Through the western regions of North America, there runs an imaginary geographic line that determines the flow of streams into oceans. It is known as the Continental Divide. Ultimately, precipitation falling on the east side of this great divide will flow into the Atlantic Ocean. Likewise, water falling on the western slopes of this line will surge in the opposite direction until it finally empties into the Pacific Ocean. Needless to say, a vast continent separates these immense bodies of water. It is seemingly far-fetched to ponder that a raindrop falling atop a mountain in Colorado will flow to the Pacific, while another drop, falling but a short distance away, will flow into the Atlantic. Nevertheless, once the water pours down on a particular side of this great divide, its path is determined and its direction is unchangeable.
Geography is not the only place we find a great divide. There is a high ground that runs through church history as well—a Continental Divide of theology. This great divide of doctrine separates two distinctly different streams of thought that flow in opposite directions. To be specific, this determinative high ground is one’s theology of God, man, and salvation. This is the highest of all thought, and it divides all doctrine into two schools. Historically, these two ways of thinking about God and His saving grace have been called by various names. Some have identified them as Augustinianism and Pelagianism. Others have named them Calvinism and Arminianism. Still others have defined them as Reformed and Catholic, while others have used the terms predestination and free will. But by whatever name, these streams are determined by the Continental Divide of theology.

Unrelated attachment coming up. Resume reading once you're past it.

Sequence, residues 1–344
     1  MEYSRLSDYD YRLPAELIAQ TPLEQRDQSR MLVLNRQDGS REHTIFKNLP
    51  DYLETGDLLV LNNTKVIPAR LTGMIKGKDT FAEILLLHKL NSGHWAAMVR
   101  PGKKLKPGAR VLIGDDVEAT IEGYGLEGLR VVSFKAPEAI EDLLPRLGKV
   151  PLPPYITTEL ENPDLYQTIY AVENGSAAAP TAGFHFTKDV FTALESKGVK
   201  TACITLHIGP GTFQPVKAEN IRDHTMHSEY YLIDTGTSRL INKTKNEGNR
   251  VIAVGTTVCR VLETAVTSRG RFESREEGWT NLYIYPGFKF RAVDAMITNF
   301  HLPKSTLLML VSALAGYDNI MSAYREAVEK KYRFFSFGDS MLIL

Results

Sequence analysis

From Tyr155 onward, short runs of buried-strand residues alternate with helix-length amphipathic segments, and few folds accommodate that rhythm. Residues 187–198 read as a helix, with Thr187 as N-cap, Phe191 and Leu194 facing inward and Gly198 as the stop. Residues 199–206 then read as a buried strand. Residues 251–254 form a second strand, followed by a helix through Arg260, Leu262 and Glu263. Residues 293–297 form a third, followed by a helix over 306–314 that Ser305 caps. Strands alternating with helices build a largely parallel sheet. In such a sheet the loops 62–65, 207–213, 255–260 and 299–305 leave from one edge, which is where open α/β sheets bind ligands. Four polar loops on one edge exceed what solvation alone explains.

This metaphorical divide differs from the geographical Continental Divide in one key respect. Whereas streams flowing west and east of the Rocky Mountains descend gradually to the plains and lowlands where they meet the oceans, the terrain on the two sides of the doctrinal divide is quite different. On one side we find solid highlands of truth. On the other side there are precipitous slopes of half-truths and full error. Read More